In the beginning of 1960, due to some obligation on the part of the Israel Defense Force (IDF), the Medical Corps was supposed to provide a military physician who would work for one year in the Rambam Hospital as part of his military service. Dr. Erlik realized that after having spent eight months in his department, I had experience in taking emergency calls, could assist in operations, and could no doubt work more efficiently than some newcomer who had never worked in surgery before. Therefore, he requested from Col. Dr. Baruch Pade, the IDF Surgeon General, to send to Rambam not just any military physician, but me. Dr. Pade objected. According to the administrative routine in the Medical Corps, I was supposed to serve in a field unit and was not entitled to the “treat” of spending one year in a hospital, without committing myself to an additional period of service. But, when Erlik wanted something, he knew how to insist. No one could refuse him. To fulfill his wishes, I was sent to serve in Rambam for one whole year.

The first six months were to be spent on the neurosurgical service. This was new to me. During the years in the Medical School and in my internship I never spent any time on neurosurgery, and this was my first opportunity to learn something in this field. The sole resident who worked there, had just left in rage after a fight with the chief, and Dr. Eli Peyser remained alone. I came to fill the vacuum. Besides the chief, I was the only doctor on this 14-bed service, always full, all its patients seriously ill.

Dr. Peyser was a difficult person, short on patience, exploding easily. However, he was a very good surgeon and an excellent teacher. He taught me how to perform a thorough neurologic examination, management of trauma to the central nervous system, and more. He instructed me in reading articles relevant to our patients’ problems and invested great effort in my education. As his only resident, I participated in every single neurosurgical operation done in Rambam during the 6 months I spent on his service. However, as the only junior member of the team, I was on call every day and night, seven days a week. On days without operations, I could leave the hospital, but had to be within reach by phone, and not too far from the hospital. I found out to what ridiculous situations this can lead, when I was called from a theater in the middle of a movie. In the hospital they knew my seat number and called the theater. My girlfriend went home (she did not want to stay and watch the movie alone), while I went to the hospital for an emergency operation. A rather unpleasant experience.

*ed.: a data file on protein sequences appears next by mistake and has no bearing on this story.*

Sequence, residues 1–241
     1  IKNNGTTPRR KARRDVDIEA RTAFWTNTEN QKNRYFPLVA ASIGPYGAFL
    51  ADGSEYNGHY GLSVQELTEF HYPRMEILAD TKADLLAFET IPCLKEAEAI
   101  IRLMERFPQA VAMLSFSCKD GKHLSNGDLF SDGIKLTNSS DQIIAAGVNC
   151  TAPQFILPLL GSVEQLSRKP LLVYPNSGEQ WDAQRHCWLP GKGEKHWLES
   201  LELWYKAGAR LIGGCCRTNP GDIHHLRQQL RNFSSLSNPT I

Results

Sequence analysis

For the remaining 6 months I returned to the Department of Surgery “B”. During my absence, Dr. Singer returned from the United States, and the general atmosphere became more tolerable. Also, the surgical team had expanded by a couple of new residents and I, as an old-timer among them, felt a certain superiority.

There were rumors that Dr. Singer may accept a position of a department chief in the Rothschild Hospital. During a coffee break, this possibility was a subject of conversation. When I uttered a few words, Dr. Yaakov Assa, a new resident, asked me with some derision: “Are you also interested in applying for the position?” I felt embarrassed, and did not know what to say. Instead of me, Dr. Erlik answered in Russian: “Nie tot soldat, kotoriy nie khochet byt’ generalom” (One is no soldier, if he does not desire to become a general). Suddenly, I felt like a victor, because even at that early time, there was a glimmer of hope in the depth of my heart to become one day chief of my own department. Erlik understood this.

While working in Rambam, I learned to keep Dr. Erlik in the highest esteem. Today I understand that he was one of the greatest surgeons I ever met. In my memory he remains engraved as a man of great wisdom and integrity, made of the most distinguished “surgical stuff”. He was a man of impeccable character, utterly devoted to his patients and always ready to support his pupils. All those who managed to endure his residency program, have reached important positions in surgery; many became professors and department chiefs. Also, one should remember that Dr. Erlik was the decisive factor in founding the Medical School in Haifa and its first dean. Without him, establishment of this important institution would have been delayed for many years. A great man (Fig. 5).

fig 5
Fig. 5. Dr. David Erlik, 1960.

1 Observing inside of the larynx through a specially devised instrument.